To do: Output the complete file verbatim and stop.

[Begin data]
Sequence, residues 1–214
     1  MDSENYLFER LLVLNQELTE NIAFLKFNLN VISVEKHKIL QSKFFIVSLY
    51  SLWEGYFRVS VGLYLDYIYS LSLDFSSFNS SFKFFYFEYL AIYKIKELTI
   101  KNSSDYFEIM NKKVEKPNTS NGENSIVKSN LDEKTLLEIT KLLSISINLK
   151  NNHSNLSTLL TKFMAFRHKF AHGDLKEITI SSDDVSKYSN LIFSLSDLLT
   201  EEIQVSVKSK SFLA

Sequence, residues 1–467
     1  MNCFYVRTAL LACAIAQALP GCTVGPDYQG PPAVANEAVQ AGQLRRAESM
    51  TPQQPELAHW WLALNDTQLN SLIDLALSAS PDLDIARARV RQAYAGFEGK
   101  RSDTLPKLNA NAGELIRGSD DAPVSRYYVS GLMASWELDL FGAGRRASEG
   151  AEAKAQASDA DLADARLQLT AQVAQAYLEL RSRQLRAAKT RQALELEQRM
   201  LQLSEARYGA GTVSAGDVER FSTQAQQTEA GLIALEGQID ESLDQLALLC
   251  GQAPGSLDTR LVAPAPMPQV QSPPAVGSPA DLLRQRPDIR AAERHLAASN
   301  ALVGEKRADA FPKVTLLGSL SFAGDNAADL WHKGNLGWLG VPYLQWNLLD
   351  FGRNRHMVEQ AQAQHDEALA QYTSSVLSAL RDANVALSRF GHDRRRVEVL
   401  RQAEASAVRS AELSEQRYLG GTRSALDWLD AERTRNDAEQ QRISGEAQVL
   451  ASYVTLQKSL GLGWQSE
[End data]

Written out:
Sequence, residues 1–214
     1  MDSENYLFER LLVLNQELTE NIAFLKFNLN VISVEKHKIL QSKFFIVSLY
    51  SLWEGYFRVS VGLYLDYIYS LSLDFSSFNS SFKFFYFEYL AIYKIKELTI
   101  KNSSDYFEIM NKKVEKPNTS NGENSIVKSN LDEKTLLEIT KLLSISINLK
   151  NNHSNLSTLL TKFMAFRHKF AHGDLKEITI SSDDVSKYSN LIFSLSDLLT
   201  EEIQVSVKSK SFLA

Sequence, residues 1–467
     1  MNCFYVRTAL LACAIAQALP GCTVGPDYQG PPAVANEAVQ AGQLRRAESM
    51  TPQQPELAHW WLALNDTQLN SLIDLALSAS PDLDIARARV RQAYAGFEGK
   101  RSDTLPKLNA NAGELIRGSD DAPVSRYYVS GLMASWELDL FGAGRRASEG
   151  AEAKAQASDA DLADARLQLT AQVAQAYLEL RSRQLRAAKT RQALELEQRM
   201  LQLSEARYGA GTVSAGDVER FSTQAQQTEA GLIALEGQID ESLDQLALLC
   251  GQAPGSLDTR LVAPAPMPQV QSPPAVGSPA DLLRQRPDIR AAERHLAASN
   301  ALVGEKRADA FPKVTLLGSL SFAGDNAADL WHKGNLGWLG VPYLQWNLLD
   351  FGRNRHMVEQ AQAQHDEALA QYTSSVLSAL RDANVALSRF GHDRRRVEVL
   401  RQAEASAVRS AELSEQRYLG GTRSALDWLD AERTRNDAEQ QRISGEAQVL
   451  ASYVTLQKSL GLGWQSE